Microsoft releases the next-generation of its Azure Stack HCI service

Microsoft is rolling out a preview of Azure Stack HCI v2, which will enable users to run the service on their own servers and include built-in integration with Azure Arc, among other new features.
Written by Mary Jo Foley, Senior Contributing Editor
Credit: Microsoft

Microsoft users who aren't ready or able to run Azure inside their own or partners' data centers have had another hybrid option to access Azure services: Azure Stack HCI. This week, during its Inspire worldwide partner conference, Microsoft is taking the wraps off its second-generation release of Azure Stack HCI.

Microsoft introduced Azure Stack HCI (hyper-converged infrastructure), a new option to run virtualized workloads on-premises while connecting to Azure, in March 2019. Microsoft characterized Azure Stack HCI as an "evolution of Windows Server Software-Defined (WSSD) solutions previously available from its various hardware partners."

The new iteration of Azure Stack HCI announced isn't based on Windows Server, Microsoft officials said. Instead, it's a new host OS separated from Windows Server, which is designed specifically to run HCI and is integrated with Azure with hybrid by design. 

(Update: To be more precise, the new Azure Stack HCI service no longer requires the customer to buy and manage the Windows Server operating system on the host servers. The new service includes a new custom OS flavor called "Azure Stack HCI." This new flavor does share significant code heritage with Hyper-V Server.)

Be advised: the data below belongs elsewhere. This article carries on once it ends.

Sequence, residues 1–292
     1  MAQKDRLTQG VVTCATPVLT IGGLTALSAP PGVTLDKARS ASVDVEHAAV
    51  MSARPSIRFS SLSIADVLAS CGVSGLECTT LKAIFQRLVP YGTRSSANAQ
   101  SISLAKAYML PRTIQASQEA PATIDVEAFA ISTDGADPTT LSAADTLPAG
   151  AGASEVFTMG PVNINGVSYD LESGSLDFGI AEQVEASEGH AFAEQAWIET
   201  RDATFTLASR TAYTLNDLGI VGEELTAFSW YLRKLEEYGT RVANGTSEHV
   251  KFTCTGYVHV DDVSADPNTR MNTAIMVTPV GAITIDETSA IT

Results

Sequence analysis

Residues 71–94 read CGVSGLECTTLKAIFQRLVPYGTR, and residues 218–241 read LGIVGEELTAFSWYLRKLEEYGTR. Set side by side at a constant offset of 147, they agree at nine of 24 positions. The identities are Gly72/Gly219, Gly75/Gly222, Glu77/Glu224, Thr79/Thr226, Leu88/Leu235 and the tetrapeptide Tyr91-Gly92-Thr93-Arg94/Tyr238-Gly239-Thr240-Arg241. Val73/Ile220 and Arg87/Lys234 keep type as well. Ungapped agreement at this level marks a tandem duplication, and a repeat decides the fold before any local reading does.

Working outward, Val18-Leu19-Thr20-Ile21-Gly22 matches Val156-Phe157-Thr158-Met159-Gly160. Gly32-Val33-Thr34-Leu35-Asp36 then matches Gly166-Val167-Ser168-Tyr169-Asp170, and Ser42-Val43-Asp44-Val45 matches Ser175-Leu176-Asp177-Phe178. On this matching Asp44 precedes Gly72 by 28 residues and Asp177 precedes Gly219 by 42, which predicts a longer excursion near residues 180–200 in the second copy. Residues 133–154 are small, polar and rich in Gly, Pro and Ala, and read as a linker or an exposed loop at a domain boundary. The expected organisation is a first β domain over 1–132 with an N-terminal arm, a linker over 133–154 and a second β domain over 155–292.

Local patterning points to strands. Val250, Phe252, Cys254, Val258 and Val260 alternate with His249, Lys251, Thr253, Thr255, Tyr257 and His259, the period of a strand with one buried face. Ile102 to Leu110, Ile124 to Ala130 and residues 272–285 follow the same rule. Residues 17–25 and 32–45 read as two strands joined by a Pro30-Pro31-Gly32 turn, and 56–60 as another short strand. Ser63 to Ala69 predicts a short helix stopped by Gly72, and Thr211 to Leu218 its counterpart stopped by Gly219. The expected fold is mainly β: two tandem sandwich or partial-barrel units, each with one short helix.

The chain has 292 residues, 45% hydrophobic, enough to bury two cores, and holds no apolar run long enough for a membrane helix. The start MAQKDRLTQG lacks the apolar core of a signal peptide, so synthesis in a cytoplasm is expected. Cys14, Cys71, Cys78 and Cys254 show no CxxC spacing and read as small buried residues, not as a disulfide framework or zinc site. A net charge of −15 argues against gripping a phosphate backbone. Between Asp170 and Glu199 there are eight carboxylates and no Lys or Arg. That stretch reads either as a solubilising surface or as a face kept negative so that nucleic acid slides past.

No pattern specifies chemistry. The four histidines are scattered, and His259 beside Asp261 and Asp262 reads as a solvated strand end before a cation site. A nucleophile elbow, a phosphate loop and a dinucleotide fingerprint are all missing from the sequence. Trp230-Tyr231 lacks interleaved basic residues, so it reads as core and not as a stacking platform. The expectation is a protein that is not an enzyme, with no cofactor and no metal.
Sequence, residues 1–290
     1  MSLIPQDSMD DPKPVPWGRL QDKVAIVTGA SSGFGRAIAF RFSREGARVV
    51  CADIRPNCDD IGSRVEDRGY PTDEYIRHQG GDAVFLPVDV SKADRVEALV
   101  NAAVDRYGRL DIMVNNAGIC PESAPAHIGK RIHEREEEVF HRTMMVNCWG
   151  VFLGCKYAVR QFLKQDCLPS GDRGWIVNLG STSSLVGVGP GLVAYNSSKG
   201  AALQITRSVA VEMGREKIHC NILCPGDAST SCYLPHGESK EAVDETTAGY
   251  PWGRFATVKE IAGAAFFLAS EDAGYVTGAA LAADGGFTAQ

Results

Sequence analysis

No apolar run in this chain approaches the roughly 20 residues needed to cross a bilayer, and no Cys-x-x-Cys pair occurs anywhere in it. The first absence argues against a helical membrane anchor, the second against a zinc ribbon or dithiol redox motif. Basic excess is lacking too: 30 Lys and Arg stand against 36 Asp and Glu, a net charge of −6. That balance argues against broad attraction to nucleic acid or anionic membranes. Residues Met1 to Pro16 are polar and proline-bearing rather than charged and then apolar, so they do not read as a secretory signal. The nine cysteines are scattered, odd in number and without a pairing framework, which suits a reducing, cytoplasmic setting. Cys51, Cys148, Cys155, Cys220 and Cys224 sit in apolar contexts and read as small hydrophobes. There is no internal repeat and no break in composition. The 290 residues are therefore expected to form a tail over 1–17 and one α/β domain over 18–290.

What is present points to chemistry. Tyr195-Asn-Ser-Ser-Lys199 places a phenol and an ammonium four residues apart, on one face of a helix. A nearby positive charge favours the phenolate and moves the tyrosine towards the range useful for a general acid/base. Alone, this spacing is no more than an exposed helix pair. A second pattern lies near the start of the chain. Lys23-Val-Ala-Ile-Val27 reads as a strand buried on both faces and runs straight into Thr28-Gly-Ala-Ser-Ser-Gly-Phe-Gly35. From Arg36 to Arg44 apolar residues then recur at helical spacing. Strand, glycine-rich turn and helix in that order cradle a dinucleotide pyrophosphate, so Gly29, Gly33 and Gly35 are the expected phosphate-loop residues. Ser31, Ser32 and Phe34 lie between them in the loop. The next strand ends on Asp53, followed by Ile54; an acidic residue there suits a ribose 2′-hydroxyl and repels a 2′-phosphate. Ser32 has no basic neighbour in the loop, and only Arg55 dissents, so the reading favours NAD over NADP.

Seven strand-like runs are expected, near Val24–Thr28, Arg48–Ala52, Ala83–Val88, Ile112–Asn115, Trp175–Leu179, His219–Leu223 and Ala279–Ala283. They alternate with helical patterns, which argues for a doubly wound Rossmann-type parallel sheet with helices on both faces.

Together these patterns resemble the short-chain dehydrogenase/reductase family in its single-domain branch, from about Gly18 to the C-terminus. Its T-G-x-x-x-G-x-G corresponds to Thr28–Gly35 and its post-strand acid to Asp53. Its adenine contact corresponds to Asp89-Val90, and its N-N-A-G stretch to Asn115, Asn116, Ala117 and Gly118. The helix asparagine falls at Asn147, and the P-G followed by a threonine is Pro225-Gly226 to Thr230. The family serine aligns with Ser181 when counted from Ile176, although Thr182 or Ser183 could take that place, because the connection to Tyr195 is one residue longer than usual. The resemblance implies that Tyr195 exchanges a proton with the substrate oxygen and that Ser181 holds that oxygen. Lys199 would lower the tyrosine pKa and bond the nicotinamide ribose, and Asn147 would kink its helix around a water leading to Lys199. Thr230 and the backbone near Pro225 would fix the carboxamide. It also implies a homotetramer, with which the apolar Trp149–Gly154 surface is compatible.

What else is new and different? Azure Stack HCI v2 includes: 

  • The ability for customers to run Azure Stack HCI on their own hardware if it matches Microsoft's validated node solution. (See this site for more on how to ascertain if existing hardware qualifies.)
  • The ability to manage multiple clusters and VMs running on Azure Stack HCI using Azure Arc, Microsoft's multi-cloud management offering
  • New deployment wizard
  • Inclusion of no cost Extended Security Updates for Windows Server 2008 virtual machines
  • Stretch Cluster for high availability/disaster recovery

The basic platforms supported by Azure Stack HCI include mass-volume commodity systems from vendors like Dell, HPE, and Lenovo. Users might need to buy specialized NICs or HBAs, but many already may own servers that would qualify to run the new Azure Stack HCI offering. 

Azure Stack HCI v2 is a different piece of software that is installed on the metal. This means existing customers will need to do a reinstall. The public preview is out today, July 21; Microsoft has not said when it expects Azure Stack HCI v2 to be generally available.

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